The current study findings do suggest that the reduced parietal N20 changes observed previously [22] are not due to enhanced sensory surround inhibition in S1, as no change in the parietal N20-P25 SEP peak ratio were observed in the current study. However, this possibility cannot be ruled out, as this may occur only when observable changes are seen in the individual median nerve SEP peak amplitudes.

Implications for Investigations of Neural Plasticity and Spinal Manipulation

Episodes of acute pain, such as after an injury, may initially induce plastic changes in the sensorimotor system (for a review of this topic please see reference 61. These changes could include dysfunctional motor control of spinal joint segments, that is, the manipulable lesion that chiropractic physicians and other manipulative therapists treat. Pain alone, without deafferentation, has been shown to induce increased SEP peak amplitudes [62, 63] and increased somatosensory evoked magnetic fields. [64] Sensorimotor disturbances are known to persist beyond acute episode of pain, [65, 66] and these disturbances are thought to play a defining role in the clinical picture and chronicity of different chronic neck pain conditions. [67] Therefore, the reduced frontal N30 SEP peak ratio observed in the current study after spinal manipulation may reflect an improvement of plastic changes induced by previous injury and may reflect one mechanism for the improvement of functional ability reported after spinal manipulation. This requires further investigation.

Abnormal central integration of a dual somatosensory input has previously been demonstrated at the cortical level after as little as 20 minutes of repetitive thumb abductions [39] and throughout the somatosensory system in patients with dystonia. [53] Tinazzi et al [53] argued that the increased central dual SEP peak ratios represented reduced surround inhibition in the patients with dystonia and that their findings suggest that the inhibitory integration of mainly proprioceptive afferent inputs coming from adjacent body parts is abnormal in patients with dystonia. [53] Furthermore, they argue that the inefficient integration of dual input was most likely due to altered surround inhibition and could in turn lead to abnormal motor output, contributing to the motor impairment present in dystonia. [53] Motor impairments are also present in chronic neck pain patients. Impairment of deep cervical neck flexors and significant postural disturbances during walking and standing has been demonstrated in both insidious-onset and trauma-induced chronic neck pain conditions. [67–73] Altered sensitivity of proprioceptors within the neck muscles has been suggested to be related to the postural disturbances seen in these patients. [67, 70] It is therefore possible that this leads to altered or inefficient integration of dual input in this patient group also, resulting in the above mentioned motor impairments. There is also evidence to suggest that muscle impairment occurs early in the history of onset of neck pain [65] and that this muscle impairment does not automatically resolve even when neck pain symptoms improve. [65, 66] Some authors have therefore suggested that the deficits in proprioception and motor control, rather than neck pain itself, may be the main factors defining the clinical picture and chronicity of different chronic neck pain conditions. [67] These deficits in proprioception and motor control may be partly due to spinal dysfunction causing either inhibition or facilitation of neural input to the muscles surrounding the spine. However, the central sensorimotor plastic changes that occur with spinal dysfunction may also lead to abnormalities in the way the CNS processes incoming information from more distal regions, such as the upper limb. The altered frontal P22-N30 SEP peak ratio after spinal manipulation may reflect an improvement of such maladaptive plastic changes in the current study population, who all had reoccurring neck problems, but were not in acute pain at the time they participated in this study.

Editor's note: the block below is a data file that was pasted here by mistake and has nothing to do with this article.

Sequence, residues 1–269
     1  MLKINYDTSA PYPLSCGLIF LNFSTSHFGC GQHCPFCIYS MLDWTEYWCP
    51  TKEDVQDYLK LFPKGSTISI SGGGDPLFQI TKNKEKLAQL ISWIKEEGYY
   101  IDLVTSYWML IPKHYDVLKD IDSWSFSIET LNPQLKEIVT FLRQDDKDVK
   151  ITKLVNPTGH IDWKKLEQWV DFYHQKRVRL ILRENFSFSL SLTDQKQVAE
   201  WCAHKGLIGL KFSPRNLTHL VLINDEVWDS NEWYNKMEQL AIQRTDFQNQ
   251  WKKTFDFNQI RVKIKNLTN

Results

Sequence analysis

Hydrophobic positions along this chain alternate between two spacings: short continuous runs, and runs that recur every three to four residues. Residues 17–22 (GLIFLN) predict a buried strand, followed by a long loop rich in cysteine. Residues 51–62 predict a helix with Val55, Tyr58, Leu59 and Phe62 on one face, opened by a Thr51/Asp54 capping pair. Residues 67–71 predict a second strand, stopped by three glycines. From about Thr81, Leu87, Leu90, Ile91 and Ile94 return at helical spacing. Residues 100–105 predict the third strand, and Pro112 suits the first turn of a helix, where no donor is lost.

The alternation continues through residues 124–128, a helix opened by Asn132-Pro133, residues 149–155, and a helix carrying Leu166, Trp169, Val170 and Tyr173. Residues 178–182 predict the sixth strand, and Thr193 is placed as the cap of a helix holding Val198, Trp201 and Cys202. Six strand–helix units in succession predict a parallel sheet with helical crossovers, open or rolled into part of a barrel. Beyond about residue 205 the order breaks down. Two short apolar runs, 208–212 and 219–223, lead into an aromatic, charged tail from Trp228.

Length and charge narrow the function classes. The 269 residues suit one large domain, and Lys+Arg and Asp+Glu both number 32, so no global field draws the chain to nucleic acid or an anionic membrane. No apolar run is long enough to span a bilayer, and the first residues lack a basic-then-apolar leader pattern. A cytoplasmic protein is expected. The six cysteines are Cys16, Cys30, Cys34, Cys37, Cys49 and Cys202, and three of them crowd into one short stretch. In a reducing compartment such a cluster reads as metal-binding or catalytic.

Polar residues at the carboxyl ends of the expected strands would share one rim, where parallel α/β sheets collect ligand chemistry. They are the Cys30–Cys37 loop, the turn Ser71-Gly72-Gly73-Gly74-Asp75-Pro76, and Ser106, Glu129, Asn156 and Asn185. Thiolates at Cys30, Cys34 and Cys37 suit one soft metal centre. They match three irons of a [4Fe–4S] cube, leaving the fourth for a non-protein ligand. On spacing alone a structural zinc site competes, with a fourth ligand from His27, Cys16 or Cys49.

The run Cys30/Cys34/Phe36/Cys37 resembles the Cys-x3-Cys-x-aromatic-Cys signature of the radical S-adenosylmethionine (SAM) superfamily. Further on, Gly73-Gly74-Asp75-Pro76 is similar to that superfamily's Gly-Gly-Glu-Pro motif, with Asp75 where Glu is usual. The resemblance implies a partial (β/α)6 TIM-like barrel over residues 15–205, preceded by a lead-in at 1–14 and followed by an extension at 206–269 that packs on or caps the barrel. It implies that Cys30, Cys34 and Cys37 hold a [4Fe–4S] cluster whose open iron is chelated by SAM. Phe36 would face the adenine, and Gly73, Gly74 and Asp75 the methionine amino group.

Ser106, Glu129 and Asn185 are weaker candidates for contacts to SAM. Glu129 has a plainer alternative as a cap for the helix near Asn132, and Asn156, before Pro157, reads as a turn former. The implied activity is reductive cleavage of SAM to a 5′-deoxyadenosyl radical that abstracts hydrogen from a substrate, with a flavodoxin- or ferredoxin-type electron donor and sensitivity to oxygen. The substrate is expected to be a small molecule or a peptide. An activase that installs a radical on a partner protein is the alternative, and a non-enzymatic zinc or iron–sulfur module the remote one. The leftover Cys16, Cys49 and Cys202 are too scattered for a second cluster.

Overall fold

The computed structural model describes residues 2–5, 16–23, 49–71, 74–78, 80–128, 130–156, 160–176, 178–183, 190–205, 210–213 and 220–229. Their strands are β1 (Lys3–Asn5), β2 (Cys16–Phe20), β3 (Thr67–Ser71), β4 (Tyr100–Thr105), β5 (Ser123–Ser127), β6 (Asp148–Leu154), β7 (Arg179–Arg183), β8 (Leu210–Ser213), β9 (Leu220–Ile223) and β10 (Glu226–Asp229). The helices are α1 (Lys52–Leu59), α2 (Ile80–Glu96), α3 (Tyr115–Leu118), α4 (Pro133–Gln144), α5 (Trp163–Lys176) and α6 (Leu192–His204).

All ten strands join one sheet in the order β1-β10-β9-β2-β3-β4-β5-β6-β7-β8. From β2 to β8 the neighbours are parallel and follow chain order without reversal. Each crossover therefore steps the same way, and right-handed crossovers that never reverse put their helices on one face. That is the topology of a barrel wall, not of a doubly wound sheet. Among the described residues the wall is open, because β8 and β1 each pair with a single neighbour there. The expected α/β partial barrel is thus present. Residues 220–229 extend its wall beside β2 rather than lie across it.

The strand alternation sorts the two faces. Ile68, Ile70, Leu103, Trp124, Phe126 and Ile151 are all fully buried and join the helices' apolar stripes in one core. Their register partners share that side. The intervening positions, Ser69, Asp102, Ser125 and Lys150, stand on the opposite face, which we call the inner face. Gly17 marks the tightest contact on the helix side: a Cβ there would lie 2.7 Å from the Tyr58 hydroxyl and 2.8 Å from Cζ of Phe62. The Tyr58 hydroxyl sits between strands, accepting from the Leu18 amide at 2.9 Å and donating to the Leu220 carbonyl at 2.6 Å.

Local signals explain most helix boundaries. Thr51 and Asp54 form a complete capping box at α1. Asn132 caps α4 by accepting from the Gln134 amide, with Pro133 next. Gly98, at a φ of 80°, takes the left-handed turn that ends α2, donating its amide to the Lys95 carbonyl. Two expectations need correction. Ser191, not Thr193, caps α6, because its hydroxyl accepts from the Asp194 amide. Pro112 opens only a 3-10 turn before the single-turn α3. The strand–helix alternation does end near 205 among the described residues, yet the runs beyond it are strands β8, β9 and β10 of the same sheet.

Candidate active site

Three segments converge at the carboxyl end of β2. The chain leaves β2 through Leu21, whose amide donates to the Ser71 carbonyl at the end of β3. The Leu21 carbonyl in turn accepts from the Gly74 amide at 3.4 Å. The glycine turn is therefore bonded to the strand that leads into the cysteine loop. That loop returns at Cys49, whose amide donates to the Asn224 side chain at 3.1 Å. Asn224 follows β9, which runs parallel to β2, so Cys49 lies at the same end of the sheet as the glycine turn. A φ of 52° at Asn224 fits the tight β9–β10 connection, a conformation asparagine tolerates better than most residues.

This study assessed 13 subjects under specified conditions. Therefore, findings may possibly be different in other populations and with different inclusion and exclusion criteria. Further studies should be performed using larger groups of subjects with different presentations.


The observations in the present study suggest that spinal manipulation of dysfunctional cervical joints may improve suppression of SEPs evoked by dual upper limb nerve stimulation at the level of the motor cortex, premotor areas, and/or subcortical areas such as basal ganglia and/or thalamus, lasting at least 20 minutes postmanipulation. Further studies are needed to elucidate the role and mechanisms of these cortical changes and their relationship to a patient's clinical presentation and their ability to perform daily tasks.